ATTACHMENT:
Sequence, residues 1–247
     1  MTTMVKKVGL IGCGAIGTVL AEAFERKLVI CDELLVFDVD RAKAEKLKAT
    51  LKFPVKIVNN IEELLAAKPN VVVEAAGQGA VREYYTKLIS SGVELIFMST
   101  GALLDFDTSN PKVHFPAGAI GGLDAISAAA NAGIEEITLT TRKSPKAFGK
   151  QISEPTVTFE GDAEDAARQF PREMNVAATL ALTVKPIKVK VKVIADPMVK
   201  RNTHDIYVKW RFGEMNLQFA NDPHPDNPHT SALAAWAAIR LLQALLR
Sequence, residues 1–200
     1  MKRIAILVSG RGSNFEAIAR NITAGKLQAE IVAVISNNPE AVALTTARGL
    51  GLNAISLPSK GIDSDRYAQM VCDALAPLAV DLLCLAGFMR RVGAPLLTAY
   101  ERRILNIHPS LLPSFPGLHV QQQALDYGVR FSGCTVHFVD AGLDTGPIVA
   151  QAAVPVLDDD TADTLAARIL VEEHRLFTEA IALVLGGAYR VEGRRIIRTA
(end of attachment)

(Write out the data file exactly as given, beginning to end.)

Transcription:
Sequence, residues 1–247
     1  MTTMVKKVGL IGCGAIGTVL AEAFERKLVI CDELLVFDVD RAKAEKLKAT
    51  LKFPVKIVNN IEELLAAKPN VVVEAAGQGA VREYYTKLIS SGVELIFMST
   101  GALLDFDTSN PKVHFPAGAI GGLDAISAAA NAGIEEITLT TRKSPKAFGK
   151  QISEPTVTFE GDAEDAARQF PREMNVAATL ALTVKPIKVK VKVIADPMVK
   201  RNTHDIYVKW RFGEMNLQFA NDPHPDNPHT SALAAWAAIR LLQALLR
Sequence, residues 1–200
     1  MKRIAILVSG RGSNFEAIAR NITAGKLQAE IVAVISNNPE AVALTTARGL
    51  GLNAISLPSK GIDSDRYAQM VCDALAPLAV DLLCLAGFMR RVGAPLLTAY
   101  ERRILNIHPS LLPSFPGLHV QQQALDYGVR FSGCTVHFVD AGLDTGPIVA
   151  QAAVPVLDDD TADTLAARIL VEEHRLFTEA IALVLGGAYR VEGRRIIRTA